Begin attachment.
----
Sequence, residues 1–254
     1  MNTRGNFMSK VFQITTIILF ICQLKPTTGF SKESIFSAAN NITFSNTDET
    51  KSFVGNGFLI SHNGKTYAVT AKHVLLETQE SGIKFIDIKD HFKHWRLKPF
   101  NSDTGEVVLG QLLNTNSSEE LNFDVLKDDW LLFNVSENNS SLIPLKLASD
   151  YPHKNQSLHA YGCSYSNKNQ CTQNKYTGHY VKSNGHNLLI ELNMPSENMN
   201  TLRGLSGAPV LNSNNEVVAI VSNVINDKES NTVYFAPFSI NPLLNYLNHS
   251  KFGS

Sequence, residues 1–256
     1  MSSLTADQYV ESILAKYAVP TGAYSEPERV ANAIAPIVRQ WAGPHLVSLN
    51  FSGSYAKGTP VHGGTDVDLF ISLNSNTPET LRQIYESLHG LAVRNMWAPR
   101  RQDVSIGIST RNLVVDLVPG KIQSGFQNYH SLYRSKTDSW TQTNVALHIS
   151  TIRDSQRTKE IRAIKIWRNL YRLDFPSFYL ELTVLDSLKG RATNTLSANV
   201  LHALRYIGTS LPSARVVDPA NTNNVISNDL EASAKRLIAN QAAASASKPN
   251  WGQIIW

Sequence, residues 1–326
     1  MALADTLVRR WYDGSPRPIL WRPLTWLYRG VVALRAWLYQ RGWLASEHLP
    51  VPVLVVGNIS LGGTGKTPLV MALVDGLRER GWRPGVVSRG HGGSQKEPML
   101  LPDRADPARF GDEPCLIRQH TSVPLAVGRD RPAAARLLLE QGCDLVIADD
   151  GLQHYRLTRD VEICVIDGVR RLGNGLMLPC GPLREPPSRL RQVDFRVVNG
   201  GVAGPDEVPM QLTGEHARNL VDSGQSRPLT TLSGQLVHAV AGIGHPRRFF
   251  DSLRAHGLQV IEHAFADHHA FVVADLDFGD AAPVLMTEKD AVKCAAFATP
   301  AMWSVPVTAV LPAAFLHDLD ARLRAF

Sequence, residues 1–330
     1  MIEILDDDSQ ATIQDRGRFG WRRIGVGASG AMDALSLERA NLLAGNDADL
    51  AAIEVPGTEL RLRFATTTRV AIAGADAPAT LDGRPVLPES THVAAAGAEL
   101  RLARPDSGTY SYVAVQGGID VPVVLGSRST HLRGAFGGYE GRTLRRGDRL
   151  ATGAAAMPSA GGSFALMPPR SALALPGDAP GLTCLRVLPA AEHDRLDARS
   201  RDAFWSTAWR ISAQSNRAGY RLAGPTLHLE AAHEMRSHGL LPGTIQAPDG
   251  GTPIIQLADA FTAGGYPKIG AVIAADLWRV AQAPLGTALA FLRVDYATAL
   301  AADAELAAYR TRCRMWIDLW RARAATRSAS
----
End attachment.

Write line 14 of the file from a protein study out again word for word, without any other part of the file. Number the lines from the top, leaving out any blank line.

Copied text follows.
   251  WGQIIW